Mr. Benedicte Baduel, Asel Isakova, and Anna Ter-Martirosyan
Sharing economic benefits equitably across all segments of society includes addressing the specific challenges of different generations. At present, youth and elderly are particularly vulnerable to poverty relative to adults in their middle years. Broad-based policies should aim to foster youth integration into the labor market and ensure adequate income and health care support for the elderly. Turning to the intergenerational dimension, everyone should have the same chances in life, regardless of their family background. Policies that promote social mobility include improving access to high-quality care and education starting from a very early age, supporting lifelong learning, effective social protection schemes, and investing in infrastructure and other services to reduce spatial segregation.
This Selected Issues paper on Estonia examines impact of assessing competitiveness and exposure to shocks integrating global value chains (GVCs). This paper strengthens the analytical underpinnings of competitiveness assessments and exposure to shocks by incorporating GVCs. Standard real effective exchange rates (REER) indexes assume trade is only in final goods. However, like most European economies, Estonia is highly integrated into GVCs. This implies that assessments of competitiveness should consider trade in value added. Based on a structural model, the paper assesses competitiveness and exposure to trade shocks accounting for the GVC participation in Estonia. The analysis using a REER index considering the GVC architecture suggests potential competitiveness problems in Estonia. The paper also estimates the impact of overvaluation (and appreciation) of the GVC related REER measure on value added export and real GDP growth and finds observable effects. Further, trade tension induced tariff hikes may have important costs for value added produced in Estonia.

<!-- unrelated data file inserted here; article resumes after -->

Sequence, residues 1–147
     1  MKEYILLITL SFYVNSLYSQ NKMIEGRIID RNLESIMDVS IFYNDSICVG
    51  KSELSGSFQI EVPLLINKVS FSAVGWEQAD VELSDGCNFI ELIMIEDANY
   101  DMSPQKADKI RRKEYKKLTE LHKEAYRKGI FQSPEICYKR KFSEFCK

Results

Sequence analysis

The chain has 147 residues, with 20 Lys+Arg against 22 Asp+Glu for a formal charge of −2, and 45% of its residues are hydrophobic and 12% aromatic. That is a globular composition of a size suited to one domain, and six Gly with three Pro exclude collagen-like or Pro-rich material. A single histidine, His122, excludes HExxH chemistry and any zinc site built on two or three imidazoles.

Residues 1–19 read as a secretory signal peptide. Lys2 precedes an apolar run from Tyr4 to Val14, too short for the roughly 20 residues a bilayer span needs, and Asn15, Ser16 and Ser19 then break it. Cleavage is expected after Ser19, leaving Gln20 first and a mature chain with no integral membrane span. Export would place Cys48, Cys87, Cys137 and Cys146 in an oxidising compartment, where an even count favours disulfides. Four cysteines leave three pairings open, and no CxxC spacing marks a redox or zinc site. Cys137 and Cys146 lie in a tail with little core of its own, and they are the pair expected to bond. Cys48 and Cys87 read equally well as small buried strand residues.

This Selected Issues paper analyzes the drivers of wage growth and inflation in Estonia. The analysis reveals that the role played by the inflation and inflation expectations in Estonia is different from those of the EU15. The impact of inflation on wage formation is smaller than in larger and richer countries with lower inflation volatility. This has limited the downward pressure on wages during the period of very low inflation in 2014–16. Although there has been an episode of wage growth leading inflation before the global financial crisis, the current simultaneous acceleration in prices and wages is not evidence of a developing wage-price spiral, as a significant share of the increase in inflation is owing to exogenous factors.